Looking back at the SOC, they will acquire tools to accomplish different goals. Regarding automation, the goal is not to build new tools meaning a programmer is not needed to write new software. The focus of automation from an IT operations viewpoint is allowing tools to work together leaving APIs and other capabilities. An API is essentially a way for two or more systems to speak to each other just like humans interact with computers. This concept of programming focused on making things work together has its own focus known as DevOps.

DevOps Certifications

Cisco is one of the many vendors that have changed the type of training provided for the future IT professionals. The biggest change to the Cisco certification program is a huge focus on DevOps. In the Cisco world, this is known as DevNet meaning a network professional that can program tools to work with each other. Programming languages such as Python and C++ are great but in the DevOps world, concepts such as YAML, YANG, learning automation with tools such as Ansible are unique to DevOps and targeting IT operations vs what is common with programming courses. The next image shows a comparison of the traditional network engineer learning path verse a software-focused engineer looking to learn DevOps.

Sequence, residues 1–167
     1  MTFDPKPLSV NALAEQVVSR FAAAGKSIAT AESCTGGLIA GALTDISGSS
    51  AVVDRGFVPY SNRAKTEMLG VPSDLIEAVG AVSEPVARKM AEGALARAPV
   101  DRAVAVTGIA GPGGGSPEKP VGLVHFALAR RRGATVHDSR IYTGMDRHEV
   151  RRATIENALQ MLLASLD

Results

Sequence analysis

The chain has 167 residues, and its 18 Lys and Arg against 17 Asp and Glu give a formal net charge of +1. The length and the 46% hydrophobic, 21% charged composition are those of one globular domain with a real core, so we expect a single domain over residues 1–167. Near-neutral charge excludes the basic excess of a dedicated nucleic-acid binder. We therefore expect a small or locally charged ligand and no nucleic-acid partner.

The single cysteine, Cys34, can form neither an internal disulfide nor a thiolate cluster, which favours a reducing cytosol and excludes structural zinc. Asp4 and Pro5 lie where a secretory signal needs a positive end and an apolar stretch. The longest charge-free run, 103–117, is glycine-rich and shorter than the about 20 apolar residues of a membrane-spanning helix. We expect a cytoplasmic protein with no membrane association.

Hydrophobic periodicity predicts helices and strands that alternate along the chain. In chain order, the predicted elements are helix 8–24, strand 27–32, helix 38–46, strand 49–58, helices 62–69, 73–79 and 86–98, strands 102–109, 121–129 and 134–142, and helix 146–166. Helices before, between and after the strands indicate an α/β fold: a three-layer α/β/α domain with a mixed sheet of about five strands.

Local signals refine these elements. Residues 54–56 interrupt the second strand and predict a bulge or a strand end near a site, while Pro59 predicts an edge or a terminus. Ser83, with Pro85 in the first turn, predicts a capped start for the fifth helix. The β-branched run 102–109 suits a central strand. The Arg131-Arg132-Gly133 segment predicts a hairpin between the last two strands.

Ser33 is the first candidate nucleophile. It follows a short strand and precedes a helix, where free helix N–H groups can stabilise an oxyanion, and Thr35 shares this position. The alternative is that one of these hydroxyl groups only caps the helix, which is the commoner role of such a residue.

For those interesting in gaining some hands-on experience with DevOps labs, Cisco offers free online labs you can access right now. Go to https://developer.cisco.com/site/sandbox (Links to an external site.) and create a free account. The next image shows examples of different DevOps labs you can access right now.